5 things you should know before the stock market opens on Thursday

Here are the top news, trends, and analysis investors need to start their trading day:

1. S&P futures rise after index closes on another record

The Wall Street sign can be seen in front of the New York Stock Exchange (NYSE) in New York on February 16, 2021.

Brendan McDermid | Reuters

2. The first unemployment claims rose last week

A woman walks outside a store in New York City on February 22, 2021.

John Smith | Corbis News | Getty Images

3. Biden reveals actions on guns, including new ATF director

President Joe Biden speaks during an American employment plan event at the South Court Auditorium on the White House campus on Wednesday, April 7, 2021 in Washington.

Evan Vucci | AP

President Joe Biden is expected to unveil a series of law enforcement actions against gun violence on Thursday following a spate of mass shootings. While taking his first major steps in the fight against firearms since taking office, the president will also appoint gun control attorney and ex-federal agent David Chipman as ATF director, according to senior government officials von Biden. These officials said the Justice Department will issue a new proposed rule requiring buyers of homemade weapons – often made from parts and without a serial number – to undergo a background check.

4. Biden is open to negotiating a corporate tax increase

Workers operate a front loader while they make infrastructure repairs in San Francisco, California on April 7, 2021.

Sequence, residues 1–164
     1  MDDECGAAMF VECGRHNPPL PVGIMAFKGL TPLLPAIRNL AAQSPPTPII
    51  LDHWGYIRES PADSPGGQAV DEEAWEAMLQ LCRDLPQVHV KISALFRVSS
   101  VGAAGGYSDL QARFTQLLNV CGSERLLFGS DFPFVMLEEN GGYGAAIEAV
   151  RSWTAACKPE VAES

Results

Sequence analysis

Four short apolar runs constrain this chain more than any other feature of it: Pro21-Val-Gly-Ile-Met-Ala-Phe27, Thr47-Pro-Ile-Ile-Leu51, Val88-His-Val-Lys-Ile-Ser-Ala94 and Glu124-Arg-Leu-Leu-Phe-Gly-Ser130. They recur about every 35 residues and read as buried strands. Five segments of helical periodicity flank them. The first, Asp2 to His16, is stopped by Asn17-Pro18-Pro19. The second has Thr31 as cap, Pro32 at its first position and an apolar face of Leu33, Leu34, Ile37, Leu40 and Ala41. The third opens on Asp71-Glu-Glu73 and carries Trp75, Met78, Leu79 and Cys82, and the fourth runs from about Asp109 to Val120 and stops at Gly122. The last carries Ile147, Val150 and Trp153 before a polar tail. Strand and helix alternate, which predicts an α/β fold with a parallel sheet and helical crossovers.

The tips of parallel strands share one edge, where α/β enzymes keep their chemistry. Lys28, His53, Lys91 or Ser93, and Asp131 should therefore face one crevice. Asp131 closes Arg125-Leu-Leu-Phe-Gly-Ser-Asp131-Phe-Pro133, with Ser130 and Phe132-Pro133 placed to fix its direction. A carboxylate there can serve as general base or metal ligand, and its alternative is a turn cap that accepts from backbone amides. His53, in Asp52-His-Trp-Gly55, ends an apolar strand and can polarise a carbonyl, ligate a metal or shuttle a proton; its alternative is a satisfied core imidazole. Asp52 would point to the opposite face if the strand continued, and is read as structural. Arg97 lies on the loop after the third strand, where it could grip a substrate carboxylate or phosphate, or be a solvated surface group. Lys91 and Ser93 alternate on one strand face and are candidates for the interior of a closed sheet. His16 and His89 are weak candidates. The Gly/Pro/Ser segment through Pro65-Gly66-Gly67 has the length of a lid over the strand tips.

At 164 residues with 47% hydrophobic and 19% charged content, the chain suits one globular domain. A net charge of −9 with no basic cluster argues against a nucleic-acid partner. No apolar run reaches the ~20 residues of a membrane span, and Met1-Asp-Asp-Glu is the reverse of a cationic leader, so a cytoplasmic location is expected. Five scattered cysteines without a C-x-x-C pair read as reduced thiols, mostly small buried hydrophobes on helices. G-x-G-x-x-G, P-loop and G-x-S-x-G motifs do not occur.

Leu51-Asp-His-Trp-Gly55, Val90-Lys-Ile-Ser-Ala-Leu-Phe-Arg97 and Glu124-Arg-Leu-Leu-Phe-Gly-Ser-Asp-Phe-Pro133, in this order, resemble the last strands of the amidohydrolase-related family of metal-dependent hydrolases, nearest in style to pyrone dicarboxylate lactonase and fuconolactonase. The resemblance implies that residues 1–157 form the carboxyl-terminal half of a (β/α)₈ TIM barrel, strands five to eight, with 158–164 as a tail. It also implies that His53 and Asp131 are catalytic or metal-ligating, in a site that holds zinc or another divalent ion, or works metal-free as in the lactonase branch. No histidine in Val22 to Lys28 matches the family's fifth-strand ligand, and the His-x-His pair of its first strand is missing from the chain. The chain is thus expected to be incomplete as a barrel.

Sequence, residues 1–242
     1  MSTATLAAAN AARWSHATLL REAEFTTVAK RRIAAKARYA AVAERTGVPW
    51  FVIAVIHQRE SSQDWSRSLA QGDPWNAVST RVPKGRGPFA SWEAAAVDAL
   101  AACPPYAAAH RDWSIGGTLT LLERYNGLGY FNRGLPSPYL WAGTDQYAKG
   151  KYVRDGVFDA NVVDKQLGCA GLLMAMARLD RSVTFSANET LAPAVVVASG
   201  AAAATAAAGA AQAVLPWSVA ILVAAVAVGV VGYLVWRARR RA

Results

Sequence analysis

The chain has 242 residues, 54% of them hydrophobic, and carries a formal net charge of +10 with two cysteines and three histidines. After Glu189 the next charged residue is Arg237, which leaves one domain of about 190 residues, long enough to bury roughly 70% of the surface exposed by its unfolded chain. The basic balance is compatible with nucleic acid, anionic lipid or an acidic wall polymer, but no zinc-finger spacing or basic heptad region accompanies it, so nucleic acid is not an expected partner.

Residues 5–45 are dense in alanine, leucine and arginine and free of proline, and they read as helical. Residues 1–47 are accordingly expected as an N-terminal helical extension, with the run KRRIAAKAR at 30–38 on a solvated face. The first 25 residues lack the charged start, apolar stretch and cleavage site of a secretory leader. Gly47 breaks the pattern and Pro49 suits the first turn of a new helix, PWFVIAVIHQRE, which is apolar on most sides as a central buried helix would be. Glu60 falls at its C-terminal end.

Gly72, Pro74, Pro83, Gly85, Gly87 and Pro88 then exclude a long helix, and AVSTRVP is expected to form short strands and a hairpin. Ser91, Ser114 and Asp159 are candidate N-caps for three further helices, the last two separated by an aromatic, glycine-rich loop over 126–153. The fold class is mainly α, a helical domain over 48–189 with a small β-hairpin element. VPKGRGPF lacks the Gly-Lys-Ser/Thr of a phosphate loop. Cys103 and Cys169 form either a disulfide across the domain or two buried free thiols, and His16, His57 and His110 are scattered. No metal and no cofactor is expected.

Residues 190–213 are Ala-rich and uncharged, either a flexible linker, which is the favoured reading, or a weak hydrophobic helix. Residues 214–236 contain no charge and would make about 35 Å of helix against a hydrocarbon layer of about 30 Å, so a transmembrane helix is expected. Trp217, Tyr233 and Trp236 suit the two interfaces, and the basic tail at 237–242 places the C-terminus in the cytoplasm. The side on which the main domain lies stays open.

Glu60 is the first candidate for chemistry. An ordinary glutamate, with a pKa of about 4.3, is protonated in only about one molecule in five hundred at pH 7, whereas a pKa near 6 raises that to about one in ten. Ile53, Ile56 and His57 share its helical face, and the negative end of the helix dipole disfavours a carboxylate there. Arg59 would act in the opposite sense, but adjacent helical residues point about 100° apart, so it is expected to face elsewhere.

Justin Sullivan | Getty Images

Biden said Wednesday he was ready to negotiate a proposed increase in the corporate tax rate to 28% to help fund his more than $ 2 trillion infrastructure plan. “I am ready to listen,” said the President. However, Biden is under pressure from Democratic Senator Joe Manchin, who has already spoken out against a 28% corporate rate. In a 50:50 Senate, Manchin’s vote could make all the difference. West Virginia lawmakers said Wednesday they opposed a process that makes it easier to pass bills without Republican support.

5. Amazon Union Drive in Alabama sees 55% turnout

People are protesting in Los Angeles, California on March 22, 2021 to support the union efforts of workers in the Alabama Amazon.

Lucy Nicholson | Reuters

Voting in a high-level vote on whether to unionize any of Amazon’s Alabama warehouses could begin as early as Thursday. More than 3,200 votes were cast, representing a turnout of around 55%, which is above the estimate originally estimated by the Retail, Wholesale and Department Stores Union. The vote in Bessemer was closely watched inside and outside Amazon as it could create the first union in one of the e-commerce giant’s warehouses in the United States. Amazon workers in many European countries are already unionized.

– Associated Press and Reuters contributed to this report. Follow all market action like a pro on CNBC Pro. For the latest information on the pandemic, visit CNBC’s Coronavirus blog.

Comments are closed.